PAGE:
It’s happening: the mornings are a bit cooler. Evenings, too. As our Olathe temperatures drop below the sweltering point of high summer, it becomes easier to think about the seasons to come.
But those seasons also bring colder temperatures, which means less time spent outdoors. Sure, autumn can be cozy during the day; but when night falls and the sun is no longer warming our outdoor spaces, even fall nights can be uncomfortably chilly.
One way to keep using your outdoor space, even when colder temperatures set in, is by adding an outdoor fireplace.
To say that outdoor fireplaces come in different shapes and sizes is to say that Pumpkin Spice Lattes are a simple coffee drink. There is no “typical” outdoor fireplace. An outdoor fireplace can be a simple fire pit or fire bowl; a fire table or fire column; a chiminea or a pizza oven. It could also be a simple patio heater or an elaborate fire and water feature.
The point is this: no matter your budget, your design aesthetic, or how often you might use an outdoor fireplace, there is one that fits your needs.
Like other landscape decisions, installing an outdoor fireplace requires thought and planning. How often you’ll use it is a good place to start. Also consider what you’ll use it for: do you simply want a spot to gather with friends and family? If so, a fire pit that can be used whenever the temperature warrants might be the perfect choice. You can even toast a marshmallow or two or make s’mores over the flame of a fire bowl.
But if you want to cook outdoors, you’ll need something better suited to that purpose. Or, if you want a show-stopping, breathtaking, architectural attraction as part of your landscape design, you’ll need more than a simple fire pit.
Of course, the more elaborate the fireplace, the more you’ll need to budget. And remember to think of the space you have available, too; some spaces will only accommodate a small fireplace while others can handle something larger.
It’s easy to see how cozy an outdoor fireplace can make your space. By adding a fire element to your outdoor landscape, you can extend the length of time you’re happy while outdoors. Because you can add warmth to a colder evening, you might venture outside more often in the cooler autumn and even winter months.
Other advantages might not be so immediately apparent, but they’re nonetheless important. You’ll not only be creating an ambiance that makes entertaining more fun, but you can also increase the value of your home.
Regardless of which outdoor fireplace is best for you, we’re adept at helping homeowners create outdoor spaces they enjoy year-round. Give us a call and let us show you how beautiful your outdoor space can be.
Have you ever taken a good look at the foundation of your outdoor living space? The ground under your feet on your patio or deck isn’t just your lawn—it’s a foundation built of material like wood, stone, or concrete.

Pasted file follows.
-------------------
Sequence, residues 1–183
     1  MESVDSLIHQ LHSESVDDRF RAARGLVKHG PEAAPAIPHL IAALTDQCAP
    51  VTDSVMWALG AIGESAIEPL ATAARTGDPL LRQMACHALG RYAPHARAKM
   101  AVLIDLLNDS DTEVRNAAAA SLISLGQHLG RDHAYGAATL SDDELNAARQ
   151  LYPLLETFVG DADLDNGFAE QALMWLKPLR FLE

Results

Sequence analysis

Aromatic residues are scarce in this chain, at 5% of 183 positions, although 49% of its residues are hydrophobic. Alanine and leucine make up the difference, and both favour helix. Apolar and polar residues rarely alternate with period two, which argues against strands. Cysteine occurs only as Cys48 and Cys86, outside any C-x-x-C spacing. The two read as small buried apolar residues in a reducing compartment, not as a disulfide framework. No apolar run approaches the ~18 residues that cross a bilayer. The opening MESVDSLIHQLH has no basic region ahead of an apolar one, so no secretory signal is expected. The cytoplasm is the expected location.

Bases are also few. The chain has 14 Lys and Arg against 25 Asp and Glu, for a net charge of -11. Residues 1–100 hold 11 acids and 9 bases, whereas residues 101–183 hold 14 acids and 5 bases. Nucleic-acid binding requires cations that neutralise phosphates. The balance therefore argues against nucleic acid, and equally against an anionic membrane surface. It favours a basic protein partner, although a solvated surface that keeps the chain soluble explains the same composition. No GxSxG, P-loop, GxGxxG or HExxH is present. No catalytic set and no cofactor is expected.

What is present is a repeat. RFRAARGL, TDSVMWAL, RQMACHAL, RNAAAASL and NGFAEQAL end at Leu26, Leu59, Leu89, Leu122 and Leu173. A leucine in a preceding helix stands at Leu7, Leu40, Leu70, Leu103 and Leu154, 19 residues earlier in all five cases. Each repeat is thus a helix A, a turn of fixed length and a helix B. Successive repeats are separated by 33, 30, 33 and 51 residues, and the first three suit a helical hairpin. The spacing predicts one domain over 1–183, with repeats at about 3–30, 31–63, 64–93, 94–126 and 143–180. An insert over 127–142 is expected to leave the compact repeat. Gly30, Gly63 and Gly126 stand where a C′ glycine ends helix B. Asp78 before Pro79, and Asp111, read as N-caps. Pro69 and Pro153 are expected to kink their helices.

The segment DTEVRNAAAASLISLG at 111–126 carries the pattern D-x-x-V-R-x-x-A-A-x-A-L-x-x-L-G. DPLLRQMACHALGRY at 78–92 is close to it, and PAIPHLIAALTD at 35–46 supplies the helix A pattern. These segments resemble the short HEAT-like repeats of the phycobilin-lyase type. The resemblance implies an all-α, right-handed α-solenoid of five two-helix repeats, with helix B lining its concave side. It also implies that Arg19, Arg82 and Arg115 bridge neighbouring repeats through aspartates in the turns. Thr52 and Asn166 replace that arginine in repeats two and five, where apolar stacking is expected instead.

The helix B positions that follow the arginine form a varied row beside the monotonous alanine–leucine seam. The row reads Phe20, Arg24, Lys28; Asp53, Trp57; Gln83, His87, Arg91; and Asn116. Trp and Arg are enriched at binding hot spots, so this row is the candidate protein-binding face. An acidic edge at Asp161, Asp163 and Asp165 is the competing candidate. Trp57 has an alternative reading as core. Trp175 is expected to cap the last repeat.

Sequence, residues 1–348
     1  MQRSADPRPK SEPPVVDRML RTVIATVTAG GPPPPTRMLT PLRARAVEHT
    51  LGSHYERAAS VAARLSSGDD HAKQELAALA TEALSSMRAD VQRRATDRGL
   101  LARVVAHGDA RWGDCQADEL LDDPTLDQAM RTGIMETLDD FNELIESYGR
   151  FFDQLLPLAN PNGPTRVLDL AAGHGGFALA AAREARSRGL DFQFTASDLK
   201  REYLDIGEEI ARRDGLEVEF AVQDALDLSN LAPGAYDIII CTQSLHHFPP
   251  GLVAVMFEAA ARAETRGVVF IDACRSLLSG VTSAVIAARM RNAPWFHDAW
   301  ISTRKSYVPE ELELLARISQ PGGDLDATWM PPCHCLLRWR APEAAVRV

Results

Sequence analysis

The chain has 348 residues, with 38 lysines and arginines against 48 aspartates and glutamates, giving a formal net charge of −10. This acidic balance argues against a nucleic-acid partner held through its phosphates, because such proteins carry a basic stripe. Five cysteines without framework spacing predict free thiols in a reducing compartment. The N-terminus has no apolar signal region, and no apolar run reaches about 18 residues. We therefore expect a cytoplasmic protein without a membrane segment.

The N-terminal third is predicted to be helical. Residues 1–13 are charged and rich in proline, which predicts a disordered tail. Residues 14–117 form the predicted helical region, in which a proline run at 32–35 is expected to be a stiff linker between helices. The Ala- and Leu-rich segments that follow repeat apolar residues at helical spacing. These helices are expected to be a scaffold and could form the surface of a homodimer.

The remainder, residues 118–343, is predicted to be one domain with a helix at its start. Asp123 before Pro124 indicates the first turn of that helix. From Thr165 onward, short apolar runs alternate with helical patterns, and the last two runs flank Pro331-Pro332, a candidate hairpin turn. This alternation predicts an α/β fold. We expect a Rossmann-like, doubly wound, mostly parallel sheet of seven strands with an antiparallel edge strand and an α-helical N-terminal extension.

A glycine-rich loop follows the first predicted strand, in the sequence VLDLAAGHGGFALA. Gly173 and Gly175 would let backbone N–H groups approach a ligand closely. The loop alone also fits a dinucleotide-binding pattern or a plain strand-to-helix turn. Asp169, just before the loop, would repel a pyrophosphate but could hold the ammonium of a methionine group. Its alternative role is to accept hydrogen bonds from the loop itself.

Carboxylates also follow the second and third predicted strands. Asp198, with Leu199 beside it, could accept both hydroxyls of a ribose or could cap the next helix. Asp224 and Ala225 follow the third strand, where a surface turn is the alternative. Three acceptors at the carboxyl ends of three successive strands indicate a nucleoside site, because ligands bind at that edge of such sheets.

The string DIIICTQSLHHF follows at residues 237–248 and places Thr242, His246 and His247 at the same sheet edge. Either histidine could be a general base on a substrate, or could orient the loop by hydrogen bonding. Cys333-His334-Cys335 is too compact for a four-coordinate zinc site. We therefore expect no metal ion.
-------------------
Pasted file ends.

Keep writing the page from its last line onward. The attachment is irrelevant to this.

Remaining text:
Concrete foundations offer particular advantages. They can last longer than wood and they withstand weather well. And, because concrete is poured, it can be designed in a way that enhances the overall aesthetic of your space.
But concrete isn’t a one-size-fits-all decision. It can be colored (stained) or stamped to create a look you love. Keep reading to learn a few of the differences between stained and stamped concrete.
Stamped concrete is concrete that is poured and patterned to create an entirely different look. Stamping concrete allows you to emulate the look of brick, stone, slate, tile—and countless other options. It’s common to stamp concrete for patios, decks, sidewalks, and driveways.
The process of stamping concrete is akin to using a cookie cutter to make shaped cookies in that the concrete is stamped in a way that markings are left in/on the concrete so that as it dries, the markings and indentations become permanent. This is how a landscaping company can turn a smooth slab of concrete into a surface that looks like brick, for example; rather than creating the surface brick by brick, one pour is stamped to look like brick.
Stained concrete is concrete that has been tinted to another color. Think of it as wood stain but for concrete—it can be opaque or translucent, shiny or matte, monotone or ombre. Staining concrete can turn a space from industrial-looking to sleek or homey, depending on the colors and finishes selected.
Adding stamped concrete to your outdoor space increases your design options. No longer are you limited to a plain foundation slab; now you can build something that looks like natural stone but has the durability of concrete.
One advantage of opting for stamped concrete is budget. Because stamped concrete can last longer and is easier to maintain than natural elements, it requires less money as it ages. And, unlike wood, it doesn’t need to be replaced as often. Another advantage is maintenance. Stamped concrete can require less upkeep than stone or other natural elements.
More and more people are opting for stained concrete because it can combine the best of both worlds: economical durability and creative license. The colors concrete can be stained are limitless, which means design options are plentiful. And, depending on how much work and detail you want your space to have, a stained concrete foundation can be a work of art in and of itself.
No matter which option you find most interesting, it’s always a good idea to discuss your plans, budget, and timeline with an experienced landscaper. We’re here and eager to help when you’re ready.